Swift, Apple’s New Programming Language, Has Been In Development For Nearly Four Years

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At its WWDC event on Monday, Apple made waves among the iOS and Mac developer communities with the announcement of Swift, a new programming language designed from the ground up by the company’s developer tools team.

The language itself builds upon the compiler, runtime, and libraries that Apple developers use with Objective-C today, which means that those already familiar with the tools for making iOS and Mac apps only need to pick up a bit of syntax before they can start working Swift code into their existing codebases. Heck, one enterprising programmer already built a Flappy Bird clone with Swift in only nine hours — breaks included.

According to Chris Lattner, director of Apple’s Developer Tools Department, the Swift programming language has only been in development since July 2010. On his personal website, he writes that the language began as a solo project, with “only a few people knowing of its existence.” Lattner goes on to write that a select few engineers joined him on the project in late 2011, and that it only became a major focus for the Apple Developer Tools team in July 2013.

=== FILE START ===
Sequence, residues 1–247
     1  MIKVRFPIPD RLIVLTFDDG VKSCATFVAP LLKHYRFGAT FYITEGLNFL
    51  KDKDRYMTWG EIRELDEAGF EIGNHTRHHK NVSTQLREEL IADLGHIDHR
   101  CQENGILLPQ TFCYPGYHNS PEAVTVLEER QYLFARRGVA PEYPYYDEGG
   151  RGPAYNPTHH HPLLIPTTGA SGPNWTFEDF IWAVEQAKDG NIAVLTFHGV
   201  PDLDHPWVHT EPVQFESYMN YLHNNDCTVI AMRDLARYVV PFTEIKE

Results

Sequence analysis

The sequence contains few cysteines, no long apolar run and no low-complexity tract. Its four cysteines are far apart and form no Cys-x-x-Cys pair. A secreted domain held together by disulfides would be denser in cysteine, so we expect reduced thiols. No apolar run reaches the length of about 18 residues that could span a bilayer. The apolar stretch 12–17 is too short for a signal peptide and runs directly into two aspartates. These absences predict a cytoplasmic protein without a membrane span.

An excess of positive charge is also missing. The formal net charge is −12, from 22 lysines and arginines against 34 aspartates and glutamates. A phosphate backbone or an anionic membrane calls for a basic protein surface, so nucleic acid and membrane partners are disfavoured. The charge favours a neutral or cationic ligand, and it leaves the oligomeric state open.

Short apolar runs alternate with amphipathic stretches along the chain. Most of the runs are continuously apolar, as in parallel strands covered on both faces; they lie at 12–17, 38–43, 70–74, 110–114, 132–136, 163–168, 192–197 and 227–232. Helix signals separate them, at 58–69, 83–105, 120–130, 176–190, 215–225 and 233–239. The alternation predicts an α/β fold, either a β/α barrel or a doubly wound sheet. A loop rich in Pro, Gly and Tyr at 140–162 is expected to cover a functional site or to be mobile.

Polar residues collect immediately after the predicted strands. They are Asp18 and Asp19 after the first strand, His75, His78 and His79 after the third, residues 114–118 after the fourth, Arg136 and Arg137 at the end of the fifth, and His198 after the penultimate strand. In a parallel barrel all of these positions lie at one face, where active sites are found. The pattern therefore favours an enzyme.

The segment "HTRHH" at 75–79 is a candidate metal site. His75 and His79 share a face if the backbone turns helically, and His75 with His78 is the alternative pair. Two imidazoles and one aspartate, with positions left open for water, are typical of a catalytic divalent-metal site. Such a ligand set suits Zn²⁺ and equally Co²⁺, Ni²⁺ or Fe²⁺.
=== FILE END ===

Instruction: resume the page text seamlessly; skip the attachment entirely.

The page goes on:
While Apple could have justified the creation of Swift by simply saying, “hey, this is better than Obective-C” (see: this tweet by a member of the Objective-C runtime team), Lattner claims that his motivations for the project were far bigger in scope:

I hope that by making programming more approachable and fun, we’ll appeal to the next generation of programmers and to help redefine how Computer Science is taught.

Lattner’s page also hints at the influences behind Swift, which from most outsiders’ perspectives seems to be the long-term replacement for Objective-C, which has been around since 1983.

He notes that his team drew from Objective-C, Rust, Haskell, Ruby, Python, C#, CLU, and other languages when designing the syntax and structure of the language, while adding that the interactive “Playgrounds” feature for Swift in Xcode was inspired by Bret Victor’s theories on making programming “learnable,” as well as Light Table, an extensible, interactive programming environment that raised over $300,000 on Kickstarter in 2012.